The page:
This book paints a worms eye view of a country 'at war with itself', the suffering and brutalisation of the the experience of the people he meets is all the more vivid because it is banal - theres no melodrama. Its just there, just a fact, like mud.
If you have an interest in the Spanish War then this is a vital addition to your library, but if you just enjoy good literature then this is also a book you shouldn't die without having read.
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22 of 24 people found the following review helpful
5.0 out of 5 stars A Fine Conclusion to a Towering Trilogy. 6 Sept. 2009
I have sat in the Woolpack Inn at Slad in the Cotswolds, the village where Laurie Lee was brought up, and the area he so beautifully evokes in his hymn for a lost countryside "Cider with Rosie". The pub licensee informed me that Lee was once a regular and I imagined him telling tales by a crackling winters fire to a spellbound audience. I have a feeling he would have been good entertainment. I also paid my respects at his grave in the nearby churchyard. Perhaps not having the two pear ciders before would have been more respectful, but I am sure Laurie would have understood. I feel some kinship to him as he was a west country man through and through, and came from humble origins. When I recently walked the Cotswold Way I passed again close to Slad and so I decided to read "A Moment in War" the last short book in his trilogy that has taken me 20 years to complete.

After Lee's bittersweet childhood, at the age of nineteen he travelled to Spain with his violin in a sort of rights of passage journey. He travelled mostly on foot and came to know and love the country and its people intimately. At that time the country was on the brink of civil war. He decribes this journey in his book "As I walked out One Midsummers Morning". In "A Moment in War" he returns to Spain to fight in the International Brigades against Franco. This follows his adventures as he crosses the Pyrenees in winter to join the fight. If you are looking for action then you will find nothing apart from one brief skirmish. But if you want a truthful depiction of the realities of war, then look no further. War means hunger and poverty. Lee arrives in Tarazona to find the only food he can purchase are beech nuts. The following passage sums things up neatly.
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3 of 3 people found the following review helpful
5.0 out of 5 stars This is a great read 18 Dec. 2010
Format:Paperback|Verified Purchase
Having read the first two books in Laurie Lee's trilogoy, I was not disappointed in this, the last. Written in the same magical style, I was rivetted from start to finish
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2 of 2 people found the following review helpful
5.0 out of 5 stars A MOMENT OF WAR 5 Dec. 2010
Format:Hardcover|Verified Purchase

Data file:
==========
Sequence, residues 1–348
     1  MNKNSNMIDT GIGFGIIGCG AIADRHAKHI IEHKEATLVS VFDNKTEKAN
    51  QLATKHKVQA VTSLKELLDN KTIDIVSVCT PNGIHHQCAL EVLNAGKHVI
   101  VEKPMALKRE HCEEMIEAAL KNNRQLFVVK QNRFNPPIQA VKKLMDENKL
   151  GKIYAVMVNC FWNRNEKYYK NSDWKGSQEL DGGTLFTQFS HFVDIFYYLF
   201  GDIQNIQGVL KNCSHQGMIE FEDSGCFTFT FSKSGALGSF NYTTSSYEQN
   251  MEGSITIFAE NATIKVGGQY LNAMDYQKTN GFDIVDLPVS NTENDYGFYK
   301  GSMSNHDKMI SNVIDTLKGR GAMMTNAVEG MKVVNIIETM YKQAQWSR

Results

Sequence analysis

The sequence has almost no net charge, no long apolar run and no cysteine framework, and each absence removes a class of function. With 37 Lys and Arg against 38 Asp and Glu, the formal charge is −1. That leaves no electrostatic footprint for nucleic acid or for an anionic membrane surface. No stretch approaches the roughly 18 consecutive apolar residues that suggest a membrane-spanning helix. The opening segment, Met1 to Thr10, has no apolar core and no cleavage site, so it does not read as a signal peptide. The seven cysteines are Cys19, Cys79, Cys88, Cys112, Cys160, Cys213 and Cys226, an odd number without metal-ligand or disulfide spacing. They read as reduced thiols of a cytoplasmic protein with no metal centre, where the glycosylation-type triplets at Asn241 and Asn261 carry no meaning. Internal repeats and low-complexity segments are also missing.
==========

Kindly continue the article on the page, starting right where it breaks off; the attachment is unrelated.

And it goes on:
Having read the other two Laurie Lee books that form this trilogy, I was keen to complete it. In no way was I disappointed. You are left with the cliffhanger at the end of,"As I Walked Out..." and this book cruised straight on. The heat of the previous book is forgotten as you enter the freezing paths of the Pyrenees and the even colder events of the Spanish Civil War. A real treat. I've just ordered, "A Rose For Winter," to continue reading his works on visiting Spain.
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Most Recent Customer Reviews
1.0 out of 5 stars A work of imagination
9 weeks on the back-lines. Historically useless, compared to George Orwell's Homage to Catalonia. More magical realism than autobiography.
Published 5 days ago by Ferdinand
5.0 out of 5 stars War...what is it good for?
The third in Laurie Lee’s autobiographical trilogy, A Moment of War is an ironic comment on how Lee – and many others like him, became part of a conflict they never really... Read more
Published 28 days ago by Scaroth, Last of the Jagaroth
5.0 out of 5 stars Five Stars
The man is just magic to read - note to myself must read more Laurie Lee
Published 1 month ago by P,T.HANKS
4.0 out of 5 stars I enjoyed it very much
Typical Lee book. I enjoyed it very much.
Published 2 months ago by F J Loftus
5.0 out of 5 stars Five Stars
A good read
Published 3 months ago by akelacass
5.0 out of 5 stars Five Stars
excellent work beautifully written
Published 3 months ago by MRS J R GOULDBY
5.0 out of 5 stars Read all three!
This is a classic of it's type and the whole trilogy of these books is brilliant. He has a wonderful prose style and this, I feel, is an important book about a turning point of the... Read more
Published 3 months ago by Orwell
5.0 out of 5 stars Wine with Eulalia rather than cider with Rosie
Gives a good feeling for the idealism and naïveté of the international volunteers who went to fight Franco. Read more
Published 3 months ago by Roger Holden
5.0 out of 5 stars Five Stars
Loved it!
Published 3 months ago by Elizabeth Wyatt
5.0 out of 5 stars To say I loved it, which Amazon dictates the five stars must ...
To say I loved it, which Amazon dictates the five stars must mean, seems a deception. I was very glad to read it and I positively devoured his record of time amidst the Civil War. Read more
Published 4 months ago by Mr. Philip Mcginness